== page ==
Insights gained from the phosphorylation of meiotic protein SYP-1
To produce functional oocytes and sperm, chromosomes must be precisely halved through cell division. This complex procedure is orchestrated by a series of proteins that must localize at the right place and time on chromosomes immediately before cell division. While scientists have so far elucidated some mechanisms that control this activity, many parts remain a mystery.
In a new study, a research group from Kyoto University's Graduate School of Biostudies used the model organism C elegans and found that phosphorylation -- protein coupling with a phosphoryl group -- of protein SYP-1 promotes faithful production of oocytes.
The report shows that phosphorylated SYP-1 guides the placement of other key chromosomal proteins to ensure separation of chromosomes in the meiotic cell division. The findings were published in the Journal of Cell Biology .
In C elegans , SYP-1 is part of a highly conserved protein structure called the synaptonemal complex , which is active only during meiosis and holds homologous chromosomes together before they separate.
In many model organisms, including mammals, some of these synaptonemal complex proteins are known to be phosphorylated during meiosis. However, the biological significance of their phosphorylation in oocytes/sperm production is not fully understood.
The team identified the phosphorylation sites on SYP-1 by applying tandem mass spectrometry analysis on C elegans oocyte precursor cells. They then generated C elegans mutants where SYP-1 could not be phosphorylated and observed its biological response. It was noted that during meiosis in such mutants, key proteins that are required for proper division were not localizing properly on chromosomes, resulting in unequal segregation.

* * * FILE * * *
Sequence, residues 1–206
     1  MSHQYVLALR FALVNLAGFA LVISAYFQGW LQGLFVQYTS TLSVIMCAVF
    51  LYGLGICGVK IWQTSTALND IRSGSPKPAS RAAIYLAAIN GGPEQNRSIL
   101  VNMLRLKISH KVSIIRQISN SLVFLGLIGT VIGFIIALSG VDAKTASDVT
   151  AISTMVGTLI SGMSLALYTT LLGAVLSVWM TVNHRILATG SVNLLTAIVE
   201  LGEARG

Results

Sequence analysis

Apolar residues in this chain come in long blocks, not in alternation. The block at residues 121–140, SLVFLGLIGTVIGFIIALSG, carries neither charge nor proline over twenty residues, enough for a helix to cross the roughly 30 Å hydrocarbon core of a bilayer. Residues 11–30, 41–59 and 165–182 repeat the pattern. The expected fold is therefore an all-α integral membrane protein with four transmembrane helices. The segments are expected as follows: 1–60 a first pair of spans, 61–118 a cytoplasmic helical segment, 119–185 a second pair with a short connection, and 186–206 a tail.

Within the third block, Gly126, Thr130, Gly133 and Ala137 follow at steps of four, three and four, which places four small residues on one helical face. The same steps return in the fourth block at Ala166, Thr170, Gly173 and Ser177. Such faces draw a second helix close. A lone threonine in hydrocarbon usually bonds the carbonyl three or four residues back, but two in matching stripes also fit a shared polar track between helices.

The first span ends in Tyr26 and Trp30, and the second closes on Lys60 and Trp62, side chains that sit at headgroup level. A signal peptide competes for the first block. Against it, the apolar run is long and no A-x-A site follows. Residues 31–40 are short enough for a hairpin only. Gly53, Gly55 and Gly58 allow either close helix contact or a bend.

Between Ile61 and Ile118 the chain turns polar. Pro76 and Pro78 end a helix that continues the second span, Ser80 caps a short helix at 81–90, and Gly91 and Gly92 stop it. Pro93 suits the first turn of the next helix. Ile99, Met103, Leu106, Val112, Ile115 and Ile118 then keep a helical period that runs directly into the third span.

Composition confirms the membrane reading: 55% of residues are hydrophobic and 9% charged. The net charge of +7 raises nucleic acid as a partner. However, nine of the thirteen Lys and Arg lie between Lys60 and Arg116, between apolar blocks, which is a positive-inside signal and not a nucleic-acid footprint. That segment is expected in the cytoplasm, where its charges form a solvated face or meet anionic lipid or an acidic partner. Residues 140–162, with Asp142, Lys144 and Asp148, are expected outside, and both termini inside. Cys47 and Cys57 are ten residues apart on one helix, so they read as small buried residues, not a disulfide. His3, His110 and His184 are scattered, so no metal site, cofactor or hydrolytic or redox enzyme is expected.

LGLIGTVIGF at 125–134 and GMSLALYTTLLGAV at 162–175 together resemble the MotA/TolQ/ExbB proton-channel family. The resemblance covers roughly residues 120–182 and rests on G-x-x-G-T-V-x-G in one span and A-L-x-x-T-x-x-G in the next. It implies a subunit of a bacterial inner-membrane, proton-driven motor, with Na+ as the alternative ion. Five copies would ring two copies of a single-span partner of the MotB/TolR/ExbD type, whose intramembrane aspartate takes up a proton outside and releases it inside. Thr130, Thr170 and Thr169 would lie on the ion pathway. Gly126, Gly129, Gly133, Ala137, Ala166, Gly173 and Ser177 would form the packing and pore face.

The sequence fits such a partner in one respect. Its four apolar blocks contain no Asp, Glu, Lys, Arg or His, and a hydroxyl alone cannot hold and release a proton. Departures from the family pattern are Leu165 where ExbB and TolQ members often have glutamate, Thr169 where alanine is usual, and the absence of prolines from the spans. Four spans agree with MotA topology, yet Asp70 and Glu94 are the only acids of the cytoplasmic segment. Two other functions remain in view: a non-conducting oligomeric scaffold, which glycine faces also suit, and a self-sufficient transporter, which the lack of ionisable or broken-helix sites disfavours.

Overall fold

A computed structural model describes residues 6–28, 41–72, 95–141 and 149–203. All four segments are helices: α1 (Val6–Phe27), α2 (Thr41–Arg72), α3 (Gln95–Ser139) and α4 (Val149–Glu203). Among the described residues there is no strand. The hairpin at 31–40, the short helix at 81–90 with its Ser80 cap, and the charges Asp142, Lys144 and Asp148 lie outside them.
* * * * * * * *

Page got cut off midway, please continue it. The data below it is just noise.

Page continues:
Through further investigation, the researchers were surprised to find that of the twelve initially-identified phosphorylation sites on the SYP-1 protein, only a single site was critical for SYP-1 function.
Roughly 10-15% of couples at childbearing age are estimated to have infertility issues, and in many cases, the cause is not understood. The team hopes that by using the model organism C elegans they can further elucidate the molecular mechanisms behind the faithful production of oocytes and sperm, thereby understanding more about obstacles to human fertility.
Two C elegans oocytes
Top left: All SYP-1 protein. Top right: Phosphorylated SYP-1. Bottom left: Merge of crossover sites (COSA-1) and SYP-1 protein. Bottom right: Merged image of SYP-1 (blue), phosphorylated SYP-1 (magenta), and COSA-1 (green). Phosphorylated SYP-1 are localizing on the short arm of the synaptonemal complex (Kyoto University/Carlton Lab)
【KURENAI ACCESS URL】 http://hdl.handle.net/2433/228869
Aya Sato-Carlton, Chihiro Nakamura-Tabuchi, Stephane Kazuki Chartrand, Tomoki Uchino, Peter Mark Carlton (2017). Phosphorylation of the synaptonemal complex protein SYP-1 promotes meiotic chromosome segregation. The Journal of Cell Biology, jcb.201707161.